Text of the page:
Communist and post-Communist oppression China | 08 August 2023

China: Dealing with discontented youth

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While the phenomenon of “lying flat” among Chinese youth has been observed for some years already (see WWR’s Full Country Dossier China, December 2022, p.24), a new trend has begun among discontented youth namely the “Four Won’ts”: Won’t date; won’t marry; won’t buy a home; and won’t have kids (China Digital Times, 20 July 2023).  While a survey carried out by the Guangzhou branch of the Communist Youth League found that only 8% would fully subscribe to these ‘Won’ts’, it is enough to keep the Chinese Communist Party (CCP) worried.

World Watch Research (WWR) analyst Thomas Muller explains: “The discontentment among the youth is particularly worrying in the light of the latest numbers for youth unemployment. According to official statistics, 21.3% of all youth are currently unemployed. However, according to Zhang Dandan, professor at Peking University, this percentage could be as high as 46.5%, if youths not actively looking for employment are included (Channel News Asia, 20 July 2023). Christians are affected by these challenging numbers as well, as they have less career opportunities, since becoming a member in the CCP and continuing to profess being a Christian mutually exclude one another.”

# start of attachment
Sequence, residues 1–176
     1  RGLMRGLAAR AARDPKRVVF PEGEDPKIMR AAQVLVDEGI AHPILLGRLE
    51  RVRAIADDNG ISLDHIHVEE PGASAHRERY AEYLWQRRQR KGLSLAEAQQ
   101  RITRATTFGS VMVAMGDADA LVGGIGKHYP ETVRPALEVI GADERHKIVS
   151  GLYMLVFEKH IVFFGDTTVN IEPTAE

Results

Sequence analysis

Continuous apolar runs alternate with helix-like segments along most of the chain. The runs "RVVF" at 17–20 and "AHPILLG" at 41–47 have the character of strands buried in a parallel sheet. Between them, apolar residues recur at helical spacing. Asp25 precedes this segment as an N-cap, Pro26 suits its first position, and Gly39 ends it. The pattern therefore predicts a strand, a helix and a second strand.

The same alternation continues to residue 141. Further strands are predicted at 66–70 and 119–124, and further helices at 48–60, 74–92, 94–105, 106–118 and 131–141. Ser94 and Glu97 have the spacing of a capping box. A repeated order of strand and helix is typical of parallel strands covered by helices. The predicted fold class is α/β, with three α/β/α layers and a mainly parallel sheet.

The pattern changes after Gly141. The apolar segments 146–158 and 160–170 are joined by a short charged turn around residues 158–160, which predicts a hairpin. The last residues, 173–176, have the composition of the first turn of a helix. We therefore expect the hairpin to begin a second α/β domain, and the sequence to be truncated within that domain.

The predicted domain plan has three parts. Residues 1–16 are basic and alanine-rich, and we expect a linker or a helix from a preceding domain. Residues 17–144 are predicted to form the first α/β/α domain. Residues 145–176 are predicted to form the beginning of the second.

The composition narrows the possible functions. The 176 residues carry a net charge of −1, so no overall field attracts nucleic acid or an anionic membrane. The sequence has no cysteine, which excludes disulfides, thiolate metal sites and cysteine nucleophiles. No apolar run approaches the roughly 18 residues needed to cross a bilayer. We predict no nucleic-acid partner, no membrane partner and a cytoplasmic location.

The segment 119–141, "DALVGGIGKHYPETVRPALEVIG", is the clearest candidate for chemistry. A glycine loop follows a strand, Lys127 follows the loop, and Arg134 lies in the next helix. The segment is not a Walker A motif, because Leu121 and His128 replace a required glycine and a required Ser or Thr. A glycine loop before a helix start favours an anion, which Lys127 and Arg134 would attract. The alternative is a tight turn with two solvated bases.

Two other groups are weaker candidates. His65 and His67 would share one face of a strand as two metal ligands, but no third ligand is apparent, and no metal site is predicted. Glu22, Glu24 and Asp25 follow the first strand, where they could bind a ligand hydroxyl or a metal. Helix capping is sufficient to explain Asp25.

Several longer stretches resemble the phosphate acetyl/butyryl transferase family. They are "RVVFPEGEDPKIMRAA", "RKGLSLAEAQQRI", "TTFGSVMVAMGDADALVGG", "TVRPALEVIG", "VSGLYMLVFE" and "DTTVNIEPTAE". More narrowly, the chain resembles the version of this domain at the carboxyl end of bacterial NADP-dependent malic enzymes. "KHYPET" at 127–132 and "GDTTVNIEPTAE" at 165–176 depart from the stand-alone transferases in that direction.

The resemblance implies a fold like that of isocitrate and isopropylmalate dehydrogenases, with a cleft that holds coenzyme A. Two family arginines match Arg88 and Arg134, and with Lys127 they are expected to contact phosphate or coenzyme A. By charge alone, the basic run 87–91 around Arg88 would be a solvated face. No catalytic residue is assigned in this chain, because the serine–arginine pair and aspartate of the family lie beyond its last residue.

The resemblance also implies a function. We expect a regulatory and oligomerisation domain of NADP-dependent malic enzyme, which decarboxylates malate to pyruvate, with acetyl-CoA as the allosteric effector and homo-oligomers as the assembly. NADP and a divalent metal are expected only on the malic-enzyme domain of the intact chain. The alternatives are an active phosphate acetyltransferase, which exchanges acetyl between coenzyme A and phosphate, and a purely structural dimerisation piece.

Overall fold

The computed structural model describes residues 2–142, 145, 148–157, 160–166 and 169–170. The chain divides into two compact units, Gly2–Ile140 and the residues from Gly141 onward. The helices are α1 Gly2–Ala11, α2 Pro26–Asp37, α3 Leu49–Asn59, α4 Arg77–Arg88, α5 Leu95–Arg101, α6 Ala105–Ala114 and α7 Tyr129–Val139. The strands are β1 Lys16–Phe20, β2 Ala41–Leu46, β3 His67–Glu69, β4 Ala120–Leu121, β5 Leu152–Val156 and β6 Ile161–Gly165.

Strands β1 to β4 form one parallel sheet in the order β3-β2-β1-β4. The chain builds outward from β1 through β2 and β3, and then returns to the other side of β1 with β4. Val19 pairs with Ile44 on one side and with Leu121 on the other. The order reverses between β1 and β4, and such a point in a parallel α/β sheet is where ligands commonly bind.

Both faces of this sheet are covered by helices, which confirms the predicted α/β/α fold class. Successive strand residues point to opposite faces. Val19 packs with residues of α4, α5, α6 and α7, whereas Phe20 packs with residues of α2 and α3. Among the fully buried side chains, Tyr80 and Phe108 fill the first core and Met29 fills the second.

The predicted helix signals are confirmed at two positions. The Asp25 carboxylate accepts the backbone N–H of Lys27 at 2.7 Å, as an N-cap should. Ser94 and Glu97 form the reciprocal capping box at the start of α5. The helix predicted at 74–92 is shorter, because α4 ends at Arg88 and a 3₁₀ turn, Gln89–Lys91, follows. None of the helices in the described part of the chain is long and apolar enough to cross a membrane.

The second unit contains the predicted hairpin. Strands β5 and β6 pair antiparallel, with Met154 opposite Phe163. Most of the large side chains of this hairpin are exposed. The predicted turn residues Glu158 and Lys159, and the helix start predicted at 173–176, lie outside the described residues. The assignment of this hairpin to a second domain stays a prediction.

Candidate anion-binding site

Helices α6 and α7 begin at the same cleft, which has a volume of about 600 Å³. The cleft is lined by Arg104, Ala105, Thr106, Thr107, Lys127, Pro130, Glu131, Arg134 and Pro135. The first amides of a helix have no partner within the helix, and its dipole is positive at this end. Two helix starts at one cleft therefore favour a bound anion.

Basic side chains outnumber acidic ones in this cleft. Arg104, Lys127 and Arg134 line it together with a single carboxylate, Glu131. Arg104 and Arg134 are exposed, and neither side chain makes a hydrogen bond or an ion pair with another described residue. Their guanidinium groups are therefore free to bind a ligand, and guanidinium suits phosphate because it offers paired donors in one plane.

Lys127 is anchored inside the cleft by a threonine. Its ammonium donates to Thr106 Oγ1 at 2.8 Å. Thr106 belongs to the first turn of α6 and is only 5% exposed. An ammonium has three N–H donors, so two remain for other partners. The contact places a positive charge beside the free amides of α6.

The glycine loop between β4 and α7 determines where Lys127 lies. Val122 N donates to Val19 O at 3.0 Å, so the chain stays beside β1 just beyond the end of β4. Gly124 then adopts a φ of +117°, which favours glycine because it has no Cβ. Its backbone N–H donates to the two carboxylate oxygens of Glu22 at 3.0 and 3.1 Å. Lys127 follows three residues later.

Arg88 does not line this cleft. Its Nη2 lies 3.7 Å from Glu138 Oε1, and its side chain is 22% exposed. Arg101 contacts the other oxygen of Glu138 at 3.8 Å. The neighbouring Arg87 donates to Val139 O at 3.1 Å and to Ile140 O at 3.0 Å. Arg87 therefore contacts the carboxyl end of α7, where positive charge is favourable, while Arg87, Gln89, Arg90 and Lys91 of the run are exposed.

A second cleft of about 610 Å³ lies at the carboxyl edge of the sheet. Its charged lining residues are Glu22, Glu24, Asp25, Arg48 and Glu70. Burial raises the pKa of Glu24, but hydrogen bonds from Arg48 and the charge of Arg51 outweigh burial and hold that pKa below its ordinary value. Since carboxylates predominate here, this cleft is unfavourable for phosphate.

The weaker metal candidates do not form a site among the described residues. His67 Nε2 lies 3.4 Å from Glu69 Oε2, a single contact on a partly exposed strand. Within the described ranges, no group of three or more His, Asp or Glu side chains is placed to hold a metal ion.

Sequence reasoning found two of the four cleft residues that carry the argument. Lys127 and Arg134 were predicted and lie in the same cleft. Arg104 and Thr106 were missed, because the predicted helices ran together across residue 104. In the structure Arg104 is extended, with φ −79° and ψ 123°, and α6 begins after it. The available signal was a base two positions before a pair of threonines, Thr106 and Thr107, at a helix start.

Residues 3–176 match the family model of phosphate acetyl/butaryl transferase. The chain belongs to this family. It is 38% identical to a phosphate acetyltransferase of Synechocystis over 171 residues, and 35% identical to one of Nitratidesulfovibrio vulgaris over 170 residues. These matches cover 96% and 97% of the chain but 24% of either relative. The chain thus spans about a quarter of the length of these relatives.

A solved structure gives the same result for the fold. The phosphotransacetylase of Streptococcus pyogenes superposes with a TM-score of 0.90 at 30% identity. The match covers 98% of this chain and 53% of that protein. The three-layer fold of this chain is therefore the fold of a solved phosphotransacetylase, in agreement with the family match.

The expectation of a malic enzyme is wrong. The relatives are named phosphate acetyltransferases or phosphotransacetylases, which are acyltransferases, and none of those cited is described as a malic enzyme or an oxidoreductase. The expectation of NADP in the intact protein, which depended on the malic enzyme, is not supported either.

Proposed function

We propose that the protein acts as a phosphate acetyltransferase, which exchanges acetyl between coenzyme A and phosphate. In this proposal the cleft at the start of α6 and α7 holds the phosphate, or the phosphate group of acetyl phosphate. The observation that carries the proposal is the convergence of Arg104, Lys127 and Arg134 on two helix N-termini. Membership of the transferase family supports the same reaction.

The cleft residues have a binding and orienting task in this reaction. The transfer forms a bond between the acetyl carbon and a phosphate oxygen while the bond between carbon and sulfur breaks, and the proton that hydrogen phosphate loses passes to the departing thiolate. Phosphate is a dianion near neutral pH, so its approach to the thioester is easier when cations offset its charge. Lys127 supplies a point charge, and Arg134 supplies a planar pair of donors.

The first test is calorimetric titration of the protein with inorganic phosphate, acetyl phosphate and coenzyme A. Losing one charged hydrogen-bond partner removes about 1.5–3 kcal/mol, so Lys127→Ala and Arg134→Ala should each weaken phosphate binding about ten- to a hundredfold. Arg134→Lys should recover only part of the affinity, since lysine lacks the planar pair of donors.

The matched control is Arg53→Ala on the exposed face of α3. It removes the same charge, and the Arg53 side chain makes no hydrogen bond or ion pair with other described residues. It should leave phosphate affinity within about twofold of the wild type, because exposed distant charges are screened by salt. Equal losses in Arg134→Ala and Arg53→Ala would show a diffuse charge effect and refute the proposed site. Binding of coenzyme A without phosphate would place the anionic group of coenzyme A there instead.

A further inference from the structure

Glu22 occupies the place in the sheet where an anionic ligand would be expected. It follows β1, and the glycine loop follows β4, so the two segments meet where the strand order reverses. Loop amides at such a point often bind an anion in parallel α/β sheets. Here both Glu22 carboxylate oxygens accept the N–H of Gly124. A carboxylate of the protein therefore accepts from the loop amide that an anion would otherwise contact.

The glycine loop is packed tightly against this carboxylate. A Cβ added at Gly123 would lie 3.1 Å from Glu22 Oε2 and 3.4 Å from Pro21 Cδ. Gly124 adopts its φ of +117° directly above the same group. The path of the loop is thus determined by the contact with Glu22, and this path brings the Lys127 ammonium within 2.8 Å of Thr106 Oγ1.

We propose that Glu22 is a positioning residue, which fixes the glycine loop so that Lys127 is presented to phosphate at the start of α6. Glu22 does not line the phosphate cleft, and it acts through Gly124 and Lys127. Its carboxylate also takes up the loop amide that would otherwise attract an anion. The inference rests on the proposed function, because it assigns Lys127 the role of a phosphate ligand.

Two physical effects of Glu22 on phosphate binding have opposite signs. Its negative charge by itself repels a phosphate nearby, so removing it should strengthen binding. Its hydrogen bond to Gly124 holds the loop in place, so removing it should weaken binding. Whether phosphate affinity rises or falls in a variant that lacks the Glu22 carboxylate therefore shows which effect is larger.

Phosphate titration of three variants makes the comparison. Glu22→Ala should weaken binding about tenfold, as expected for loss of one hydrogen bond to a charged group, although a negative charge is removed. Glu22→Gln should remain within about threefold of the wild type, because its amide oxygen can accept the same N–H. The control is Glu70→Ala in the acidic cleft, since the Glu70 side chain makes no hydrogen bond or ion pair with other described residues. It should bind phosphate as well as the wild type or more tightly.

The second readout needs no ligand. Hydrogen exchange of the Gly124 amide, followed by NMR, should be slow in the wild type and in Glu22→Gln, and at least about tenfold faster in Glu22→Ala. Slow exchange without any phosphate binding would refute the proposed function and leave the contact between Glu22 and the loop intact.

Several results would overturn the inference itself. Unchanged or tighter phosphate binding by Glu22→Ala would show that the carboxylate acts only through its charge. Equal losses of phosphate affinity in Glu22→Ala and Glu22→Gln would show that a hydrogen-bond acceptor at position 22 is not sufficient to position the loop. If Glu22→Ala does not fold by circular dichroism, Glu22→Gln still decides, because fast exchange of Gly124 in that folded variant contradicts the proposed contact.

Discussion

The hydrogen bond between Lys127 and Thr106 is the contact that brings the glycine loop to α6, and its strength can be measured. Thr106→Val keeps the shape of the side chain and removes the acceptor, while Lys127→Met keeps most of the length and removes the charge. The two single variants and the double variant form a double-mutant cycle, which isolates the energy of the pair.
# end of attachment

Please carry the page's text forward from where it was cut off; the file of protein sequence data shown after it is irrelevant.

Thomas Muller continues: “While the CCP is aware that something needs to be done to ease the current economic and social difficulties, it is far from clear what can actually be done. According to a recent report from the National Development and Reform Commission, a start has been made by reforming China’s rigid household registration system in order to encourage urbanization (China Daily, 18 July 2023). The system was  originally set up to prevent slums building up around urban centers through mass internal migration and  determines who has access to local social amenities, such as education, healthcare and employment. The need for household registration is now to be completely removed for all cities with a population under 3 million.  In cities with a population between three and five million registration will be eased. If this is enough to counter the numerous challenges (summed up in a frank interview in China’s ‘People’ magazine and called ‘demographic disaster’) remains to be seen (Reading the China Dream, 24 July 2023).”


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